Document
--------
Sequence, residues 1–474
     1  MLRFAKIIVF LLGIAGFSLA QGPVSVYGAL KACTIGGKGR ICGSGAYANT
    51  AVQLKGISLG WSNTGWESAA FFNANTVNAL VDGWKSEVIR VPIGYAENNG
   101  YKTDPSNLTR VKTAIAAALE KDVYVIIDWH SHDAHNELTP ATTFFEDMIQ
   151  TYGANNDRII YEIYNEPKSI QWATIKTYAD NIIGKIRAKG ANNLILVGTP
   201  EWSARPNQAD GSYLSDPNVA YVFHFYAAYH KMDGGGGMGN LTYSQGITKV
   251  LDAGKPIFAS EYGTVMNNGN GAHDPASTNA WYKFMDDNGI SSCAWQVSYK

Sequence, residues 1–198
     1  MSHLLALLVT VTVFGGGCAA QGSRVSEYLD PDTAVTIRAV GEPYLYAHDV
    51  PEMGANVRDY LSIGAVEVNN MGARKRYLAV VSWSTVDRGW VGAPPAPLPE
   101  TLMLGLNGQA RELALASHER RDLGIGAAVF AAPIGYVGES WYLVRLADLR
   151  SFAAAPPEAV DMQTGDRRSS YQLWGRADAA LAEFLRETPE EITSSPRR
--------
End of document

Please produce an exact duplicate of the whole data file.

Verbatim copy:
Sequence, residues 1–474
     1  MLRFAKIIVF LLGIAGFSLA QGPVSVYGAL KACTIGGKGR ICGSGAYANT
    51  AVQLKGISLG WSNTGWESAA FFNANTVNAL VDGWKSEVIR VPIGYAENNG
   101  YKTDPSNLTR VKTAIAAALE KDVYVIIDWH SHDAHNELTP ATTFFEDMIQ
   151  TYGANNDRII YEIYNEPKSI QWATIKTYAD NIIGKIRAKG ANNLILVGTP
   201  EWSARPNQAD GSYLSDPNVA YVFHFYAAYH KMDGGGGMGN LTYSQGITKV
   251  LDAGKPIFAS EYGTVMNNGN GAHDPASTNA WYKFMDDNGI SSCAWQVSYK

Sequence, residues 1–198
     1  MSHLLALLVT VTVFGGGCAA QGSRVSEYLD PDTAVTIRAV GEPYLYAHDV
    51  PEMGANVRDY LSIGAVEVNN MGARKRYLAV VSWSTVDRGW VGAPPAPLPE
   101  TLMLGLNGQA RELALASHER RDLGIGAAVF AAPIGYVGES WYLVRLADLR
   151  SFAAAPPEAV DMQTGDRRSS YQLWGRADAA LAEFLRETPE EITSSPRR